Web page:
As usual on budget day, it’s all ears on the live stream at Elevate CA. Here are our first impressions and some initial comment as Bill English reads Budget 2011 …
Bill English is explaining the theme of Budget 2011. This will be all about building savings and investment because as a country we need to save more, spend less and reduce our reliance on foreign debt.
Sounds sensible so far. But a big ask in the context of last year’s big tax cuts and the underwhelming growth since then. Especially at a time when the country is also screaming out for investment in schools, faster broadband, better transport infrastructure and an improved national grid. And of course rebuilding our second largest city.
John Key and Bill English are masters of public relations. Remember how the case was made for massive changes to the tax system ahead of last year’s budget? It needed to be done, but who else could have increased GST to 15% with barely a whimper of protest?
This year the pre-budget rhetoric has been around the need to balance the books and get back to surplus. As we listen to the live stream, this point is coming through loud and clear. But the point I’m not hearing is that perhaps those big deficits wouldn’t be as severe if not for the generous reduction in the top personal tax rates in last year’s budget?
KiwiSaver. Bill English is now getting onto the much anticipated KiwiSaver announcements.
Personally, I’m no fan of KiwiSaver. To me it’s a meal ticket for the funds management industry. I’d rather see KiwiSaver funds invested as guaranteed loans to the NZ Government – receiving the same rate of interest earned by the foreign lenders to the government. What better way to reduce the country’s reliance on overseas debt than for the government to borrow $8 billion (the amount already in KiwiSaver) from individual Kiwis rather than from foreign lenders?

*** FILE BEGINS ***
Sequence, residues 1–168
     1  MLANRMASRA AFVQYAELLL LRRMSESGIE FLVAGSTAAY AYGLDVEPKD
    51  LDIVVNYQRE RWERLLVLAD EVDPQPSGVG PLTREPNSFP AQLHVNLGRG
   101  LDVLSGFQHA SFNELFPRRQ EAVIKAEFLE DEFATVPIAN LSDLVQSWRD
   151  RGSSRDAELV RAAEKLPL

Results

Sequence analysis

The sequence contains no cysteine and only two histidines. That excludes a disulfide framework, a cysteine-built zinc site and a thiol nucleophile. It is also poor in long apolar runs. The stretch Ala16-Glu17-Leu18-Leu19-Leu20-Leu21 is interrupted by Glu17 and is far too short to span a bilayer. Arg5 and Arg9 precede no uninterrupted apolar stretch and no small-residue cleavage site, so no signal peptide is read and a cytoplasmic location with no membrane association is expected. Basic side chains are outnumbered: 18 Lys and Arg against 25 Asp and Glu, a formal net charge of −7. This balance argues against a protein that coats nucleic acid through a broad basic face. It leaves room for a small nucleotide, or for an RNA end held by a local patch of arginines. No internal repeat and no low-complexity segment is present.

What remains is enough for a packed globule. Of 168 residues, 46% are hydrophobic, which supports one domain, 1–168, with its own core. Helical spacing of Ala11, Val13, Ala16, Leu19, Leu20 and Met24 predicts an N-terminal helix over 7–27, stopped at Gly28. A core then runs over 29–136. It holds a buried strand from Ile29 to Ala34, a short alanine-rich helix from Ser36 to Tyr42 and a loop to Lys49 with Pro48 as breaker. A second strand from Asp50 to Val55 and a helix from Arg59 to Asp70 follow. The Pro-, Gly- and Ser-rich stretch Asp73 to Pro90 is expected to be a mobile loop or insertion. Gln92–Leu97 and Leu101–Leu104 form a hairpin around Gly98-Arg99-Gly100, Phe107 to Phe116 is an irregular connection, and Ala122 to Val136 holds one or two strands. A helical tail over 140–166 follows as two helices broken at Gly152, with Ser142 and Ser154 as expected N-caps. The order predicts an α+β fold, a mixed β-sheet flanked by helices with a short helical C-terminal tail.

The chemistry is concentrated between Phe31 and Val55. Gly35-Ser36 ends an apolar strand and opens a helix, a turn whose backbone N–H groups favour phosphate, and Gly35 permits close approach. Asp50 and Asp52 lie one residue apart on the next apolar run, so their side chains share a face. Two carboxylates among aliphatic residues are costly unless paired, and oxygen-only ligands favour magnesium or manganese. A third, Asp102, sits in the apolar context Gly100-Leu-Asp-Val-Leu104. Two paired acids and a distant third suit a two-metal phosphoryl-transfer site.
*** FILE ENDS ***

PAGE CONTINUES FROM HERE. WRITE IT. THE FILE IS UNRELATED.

And what better way to retain in NZ some of the massive interest payments that flow out of the country? Government guaranteed, no fees – and I’ll bet the investment would outperform the average of KiwiSaver funds after fees too!
But of course that is NOT what we’re hearing right now in the live feed.
What we ARE hearing is that the $1,000 kick start KiwiSaver contribution will remain. But the annual $1,043 KiwiSaver tax credit is to be halved to $521. In addition, both the minimum employer and the minimum employee contributions will increase from 2% to 3%. And as an unexpected detail, the employer contribution will no longer be tax free.
The idea is that the mix of contributions to KiwiSaver accounts will change with less coming from the tax credit and more coming from both individuals and employers. The rationale is that there is no benefit in the government borrowing $1 billion per year offshore only to deposit that amount to individual’s KiwiSaver accounts. That is no different from you or I borrowing $1,043 from BNZ and depositing it at Westpac then kidding ourselves that we’re saving.
This does seem sensible, but just a thought: Surely for KiwiSaver to be sustainable it ought to stack up on its own merit without the government and employers having to incentivise savers with cash?